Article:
In the coming weeks, I’d like to devote some time to parrot tricks. My work with intelligent, social creatures such as parrots, elephants and marine mammals, has convinced me that the true value of training does not lie in the amusement value of the tricks (undeniable as that is!). Rather, it is that a properly trained captive is much more likely to fit easily into the unnatural world it inhabits.
I’ll start here with some thoughts on the essential nature of our feathered pets, and how we might approach parrot training in a way that is both effective and enjoyable (for parrot and owner!).
The Parrot Dilemma
Thrusting complex, social animals into an unfamiliar world is a recipe for disaster. Such creatures are interesting to be around, yet they have learning abilities, instincts and social needs that are largely impossible to fill in captivity.
It is no coincidence that sea lions, parrots, primates and elephants have long been at once both the most sought after and highly frustrating of captives. Observe great apes in the wild and you will quickly realize that today’s multi-million dollar exhibits cannot begin to meet their needs. With parrots, however, we can do better – if we take the time to observe and learn.
The essential key to a stress-free relationship between yourself and your parrot is a clear understanding of exactly what a parrot is, and how evolution has shaped it to survive. However well-intentioned, viewing any animal as a “fur or feather clad person” will ultimately confuse and frustrate both pet and pet owner.
A bird which is not trained in a way that respects its unique characteristics, which have evolved over millions of years, will in almost all cases lead a stressful existence – unaware of where its limits lie and, bright as it may be, completely in the dark as to why we act as we do.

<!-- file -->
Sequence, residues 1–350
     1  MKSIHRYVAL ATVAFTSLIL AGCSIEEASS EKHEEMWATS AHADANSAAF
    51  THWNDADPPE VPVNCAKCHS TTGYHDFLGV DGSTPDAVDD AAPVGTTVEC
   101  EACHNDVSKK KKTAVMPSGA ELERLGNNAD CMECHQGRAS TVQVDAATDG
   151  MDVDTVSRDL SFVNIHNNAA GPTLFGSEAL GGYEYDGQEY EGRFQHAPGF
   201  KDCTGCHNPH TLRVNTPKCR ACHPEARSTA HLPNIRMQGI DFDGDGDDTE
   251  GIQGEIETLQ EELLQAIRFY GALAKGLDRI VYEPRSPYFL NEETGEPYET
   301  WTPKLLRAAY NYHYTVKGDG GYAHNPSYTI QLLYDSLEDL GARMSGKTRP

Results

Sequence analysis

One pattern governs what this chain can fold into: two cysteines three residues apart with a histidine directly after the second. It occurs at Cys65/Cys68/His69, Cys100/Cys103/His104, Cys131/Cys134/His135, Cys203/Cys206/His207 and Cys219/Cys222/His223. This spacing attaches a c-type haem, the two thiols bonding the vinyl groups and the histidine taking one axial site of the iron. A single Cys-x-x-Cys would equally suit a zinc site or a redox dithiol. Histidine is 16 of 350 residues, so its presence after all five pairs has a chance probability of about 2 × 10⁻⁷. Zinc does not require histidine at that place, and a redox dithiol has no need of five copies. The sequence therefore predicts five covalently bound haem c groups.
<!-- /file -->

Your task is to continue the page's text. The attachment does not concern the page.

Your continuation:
Wild parrots are preyed upon by a wide variety of animals, from ocelots in Panama to amethystine pythons in Australia. Their instincts and impressive learning abilities are directed towards escaping capture, not making friends with huge, strange beings. Add to this the fact that confinement cuts down the instinctive flight distance (the point to which the parrot will allow a threat to approach before fleeing) dramatically, and you can begin to see the problem.
Of course, with care, we can modify instinct, but the bird’s essential nature will remain…please keep this point in mind. We cannot approach a parrot as we would a dog. Dogs are predators, and their way of “viewing the world” differs radically from that of a prey species.
Pet or Domesticated Species?
Dogs have been living in association with people for over 15,000 years, and are fully domesticated (despite this, most mammalogists consider them to be subspecies of the gray wolf, not a distinct species). Although parrots have been kept sporadically since the times of ancient Rome, serious interest is a new development…even those bred for hundreds of generations (i.e. budgies, cockatiels) are not domesticated in the true sense of the word.
Understanding of your parrot’s needs is the first step in creating a good relationship. Please check out our comprehensive line of Parrot Care Books http://www.thatpetplace.com/pet/cat/info/22314/category.web.
You can learn how instinctual parrot behaviors often lead to misunderstandings between bird and owner at http://www.silvio-co.com/cps/articles/1997/1997blanchard1.htm.